Most people have at least heard of the terms STDs and STIs. But often times people don’t truly understand the difference between an STD and an STI. Although the terms Sexually Transmitted Infection (STI) and Sexually Transmitted Disease (STD) are used interchangeably, they are by no means identical. An STI is an important and scientifically valid term because dangerous pathogenic organisms can be present in the human body without causing disease. STDs result from damage caused by an STI that has progressed. Although all STDs are preceded by STIs, not all STIs result in the development of STDs.
Recent changes in our culture have made it important for you to know the facts regarding oral sex. More scientific surveys have studied oral sex and there are now proven indications that oral sex is on the rise, especially among middle school and high school aged children. Recent surveys show that over 50% of teenagers' ages 15-19 report participating in oral sex. An attitude is circulating that, since you can't get pregnant through oral sex, then it must be "safe." ii
Therefore sexual intercourse includes oral, anal and vaginal sex. Oral sex, like other methods of sex, carries with it the risk of serious, untreatable and even life-threatening diseases in both men and women. Oral sex has been found to spread syphilis, gonorrhea, HIV (causes AIDS), HPV, genital herpes, chlamydia and possibly hepatitis C.iii iv v
The United States has an epidemic of sexually transmitted infections (STIs). Over 70 million Americans currently have an STI. 19 million new cases occur each year. Over 60% of these are in people under 25.vi
Often time people have an STI and don’t have any symptoms but the infection can still be passed.
In women, complications from infection include pelvic inflammatory disease (PID), tubal pregnancy, infertility and cervical cancer. In pregnant women, STIs can lead to miscarriage, stillbirths, preterm delivery and birth defects... Some STIs, such as HIV, can be life threatening.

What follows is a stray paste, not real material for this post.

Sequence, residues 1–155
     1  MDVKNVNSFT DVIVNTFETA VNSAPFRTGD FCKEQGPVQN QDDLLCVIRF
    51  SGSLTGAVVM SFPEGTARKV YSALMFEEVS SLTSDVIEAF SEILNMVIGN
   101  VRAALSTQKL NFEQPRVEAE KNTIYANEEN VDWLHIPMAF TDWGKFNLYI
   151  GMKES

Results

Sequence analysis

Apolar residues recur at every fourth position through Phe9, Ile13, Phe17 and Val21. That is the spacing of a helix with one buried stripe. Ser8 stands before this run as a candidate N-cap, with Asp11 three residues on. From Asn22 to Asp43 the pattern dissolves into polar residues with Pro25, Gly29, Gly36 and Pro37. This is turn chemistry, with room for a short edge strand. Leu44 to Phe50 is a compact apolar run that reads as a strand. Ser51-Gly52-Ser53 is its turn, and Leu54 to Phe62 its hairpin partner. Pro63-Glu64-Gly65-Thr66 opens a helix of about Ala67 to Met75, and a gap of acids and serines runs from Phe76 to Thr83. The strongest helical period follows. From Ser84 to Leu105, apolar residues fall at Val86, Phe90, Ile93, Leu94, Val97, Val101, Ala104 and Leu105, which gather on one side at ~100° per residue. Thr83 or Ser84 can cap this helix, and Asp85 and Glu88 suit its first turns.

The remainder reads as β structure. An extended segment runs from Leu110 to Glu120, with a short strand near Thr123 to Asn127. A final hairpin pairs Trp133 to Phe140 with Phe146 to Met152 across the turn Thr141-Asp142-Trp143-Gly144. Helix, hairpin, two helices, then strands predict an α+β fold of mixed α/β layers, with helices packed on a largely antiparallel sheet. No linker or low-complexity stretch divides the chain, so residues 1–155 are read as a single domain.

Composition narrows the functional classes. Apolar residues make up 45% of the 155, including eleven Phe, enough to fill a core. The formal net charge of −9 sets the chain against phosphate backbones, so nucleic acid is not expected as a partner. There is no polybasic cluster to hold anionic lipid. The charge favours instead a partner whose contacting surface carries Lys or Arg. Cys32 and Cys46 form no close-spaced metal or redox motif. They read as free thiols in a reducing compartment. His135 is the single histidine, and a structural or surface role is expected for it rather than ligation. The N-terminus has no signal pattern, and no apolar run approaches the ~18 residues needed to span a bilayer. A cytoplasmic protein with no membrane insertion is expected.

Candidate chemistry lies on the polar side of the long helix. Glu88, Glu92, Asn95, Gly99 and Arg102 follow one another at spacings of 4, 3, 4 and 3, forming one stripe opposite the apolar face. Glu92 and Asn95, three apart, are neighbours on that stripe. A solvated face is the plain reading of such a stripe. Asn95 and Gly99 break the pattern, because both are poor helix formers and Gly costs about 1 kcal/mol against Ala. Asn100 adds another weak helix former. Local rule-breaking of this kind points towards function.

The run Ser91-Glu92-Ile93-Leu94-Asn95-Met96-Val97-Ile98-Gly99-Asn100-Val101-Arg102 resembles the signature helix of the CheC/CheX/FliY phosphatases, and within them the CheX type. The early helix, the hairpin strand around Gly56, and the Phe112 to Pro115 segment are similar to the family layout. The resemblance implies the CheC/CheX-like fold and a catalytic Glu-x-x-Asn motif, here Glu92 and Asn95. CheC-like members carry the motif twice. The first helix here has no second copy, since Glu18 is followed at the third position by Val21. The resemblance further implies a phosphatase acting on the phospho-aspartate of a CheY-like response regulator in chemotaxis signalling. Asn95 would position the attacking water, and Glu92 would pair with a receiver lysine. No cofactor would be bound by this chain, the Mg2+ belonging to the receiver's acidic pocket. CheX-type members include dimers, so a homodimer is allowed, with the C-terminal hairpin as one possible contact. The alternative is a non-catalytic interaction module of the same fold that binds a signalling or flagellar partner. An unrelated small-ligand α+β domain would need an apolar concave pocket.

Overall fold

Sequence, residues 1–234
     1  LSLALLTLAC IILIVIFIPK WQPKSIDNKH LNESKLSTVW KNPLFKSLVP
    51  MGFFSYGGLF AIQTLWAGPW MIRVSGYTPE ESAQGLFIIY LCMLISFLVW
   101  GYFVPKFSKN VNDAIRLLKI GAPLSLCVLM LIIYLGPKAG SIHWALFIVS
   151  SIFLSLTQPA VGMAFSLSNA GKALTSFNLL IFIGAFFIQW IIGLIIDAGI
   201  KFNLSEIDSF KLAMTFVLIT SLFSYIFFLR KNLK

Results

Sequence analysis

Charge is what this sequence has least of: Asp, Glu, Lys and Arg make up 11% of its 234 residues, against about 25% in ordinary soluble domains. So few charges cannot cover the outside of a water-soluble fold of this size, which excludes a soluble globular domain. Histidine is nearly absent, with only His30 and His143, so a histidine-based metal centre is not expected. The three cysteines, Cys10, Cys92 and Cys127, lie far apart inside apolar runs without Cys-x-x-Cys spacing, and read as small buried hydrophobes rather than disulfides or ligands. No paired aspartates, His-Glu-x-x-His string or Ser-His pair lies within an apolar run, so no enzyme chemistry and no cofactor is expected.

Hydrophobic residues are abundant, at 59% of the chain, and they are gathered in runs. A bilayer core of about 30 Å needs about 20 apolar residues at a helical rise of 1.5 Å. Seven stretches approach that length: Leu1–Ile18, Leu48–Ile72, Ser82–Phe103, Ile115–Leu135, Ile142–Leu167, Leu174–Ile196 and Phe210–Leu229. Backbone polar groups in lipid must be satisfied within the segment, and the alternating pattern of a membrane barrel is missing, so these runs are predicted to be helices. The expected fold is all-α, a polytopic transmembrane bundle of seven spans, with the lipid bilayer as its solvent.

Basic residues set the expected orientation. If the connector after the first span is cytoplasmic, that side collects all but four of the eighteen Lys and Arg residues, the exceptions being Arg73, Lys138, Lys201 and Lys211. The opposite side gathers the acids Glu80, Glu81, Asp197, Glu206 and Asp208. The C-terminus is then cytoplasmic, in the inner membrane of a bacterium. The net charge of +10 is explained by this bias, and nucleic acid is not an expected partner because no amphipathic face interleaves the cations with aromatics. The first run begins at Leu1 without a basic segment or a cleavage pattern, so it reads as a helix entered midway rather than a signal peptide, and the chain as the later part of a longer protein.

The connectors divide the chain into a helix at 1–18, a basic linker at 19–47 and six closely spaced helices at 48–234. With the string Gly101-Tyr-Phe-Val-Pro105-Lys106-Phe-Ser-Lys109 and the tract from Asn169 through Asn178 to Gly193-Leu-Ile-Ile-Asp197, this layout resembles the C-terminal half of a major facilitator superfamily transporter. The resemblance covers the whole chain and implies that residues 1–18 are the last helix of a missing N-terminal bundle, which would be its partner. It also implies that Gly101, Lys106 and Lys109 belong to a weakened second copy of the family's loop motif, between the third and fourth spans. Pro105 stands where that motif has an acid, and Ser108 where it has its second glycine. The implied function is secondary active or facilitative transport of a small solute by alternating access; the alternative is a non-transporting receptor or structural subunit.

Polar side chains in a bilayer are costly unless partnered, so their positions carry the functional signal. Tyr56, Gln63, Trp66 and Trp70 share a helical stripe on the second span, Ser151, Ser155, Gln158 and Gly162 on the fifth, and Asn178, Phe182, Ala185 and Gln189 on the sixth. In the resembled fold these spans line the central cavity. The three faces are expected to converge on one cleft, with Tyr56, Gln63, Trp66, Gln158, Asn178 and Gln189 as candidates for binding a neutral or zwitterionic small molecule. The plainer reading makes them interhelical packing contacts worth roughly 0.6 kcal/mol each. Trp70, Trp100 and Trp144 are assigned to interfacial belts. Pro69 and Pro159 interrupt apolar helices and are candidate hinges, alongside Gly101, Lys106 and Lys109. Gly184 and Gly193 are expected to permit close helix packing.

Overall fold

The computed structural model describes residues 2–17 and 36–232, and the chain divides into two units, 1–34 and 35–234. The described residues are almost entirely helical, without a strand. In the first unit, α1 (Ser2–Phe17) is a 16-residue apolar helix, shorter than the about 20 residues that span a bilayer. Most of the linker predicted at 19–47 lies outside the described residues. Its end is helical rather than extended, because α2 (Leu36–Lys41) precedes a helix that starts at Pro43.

The media rarely informs the general public about the true risks related to sexual activity and Sexually Transmitted Infections. Here are some facts:
If you have experienced any of these symptoms it is very important to get tested for a SEXUALLY TRANSMITTED INFECTION. Make an appointment today with our Medical personnel for a Chlamydia and Gonorrhea test.
Bacterial: Can be cured, but any damage done is irreversible
Viral: Can be treated, but NOT cured
For more complete information on Sexually Transmitted Infections please click here.
Over the 28 existing STI’s the most common ones affecting teens are:
|Bacterial||How It's Spread|
|Chlamydiavii||Body Fluid Contact|
|Gonorrheaviii||Body Fluid Contact|
|Syphilisix||Body Fluid and Skin to Skin Contact|
|Trichomoniasas (parasite)x||Body Fluid and Skin to Skin Contact|
|Viral||How It's Spread|
|HIV/AIDSxi||Body Fluid Contact|
|Genital Herpes (HSV)xii||Skin to Skin Contact|
|Human papilloma Virus (HPV)xiii||Body Fluid and Skin to Skin Contact|
|Hepatitis B (HBV) & Hepatitis C (HCV)xiv||Body Fluid Contact|
Body fluids that can transmit STIs are: Blood, Semen, Vaginal Fluid and Breast Milk
Will condoms protect you from all the STIs?
Here are the results from the largest study ever conducted on condoms by the Centers for Disease Control and Prevention:
The 2006 STI Treatment Guidelines prepared by the CDC: "Primary prevention of STI begins with changing the sexual behaviors that place persons at risk for infection" and “The most reliable way to avoid transmission of STIs is to abstain from sex (i.e., oral, vaginal, or anal sex) or to be in a long-term, mutually monogamous relationship with an uninfected partner."
In other words, do not engage in sexual activity while you are single and remain faithful to your spouse while married. These are the two most effective ways to avoid Sexually Transmitted Infections.
(If every person has only the same number of partners as you)
"When you have sex with someone, you are having sex with everyone they have had sex with for the last ten years, and everyone they and their partners have had sex with for the last ten years."
- C. Everett Koop, M.D., Former US Surgeon General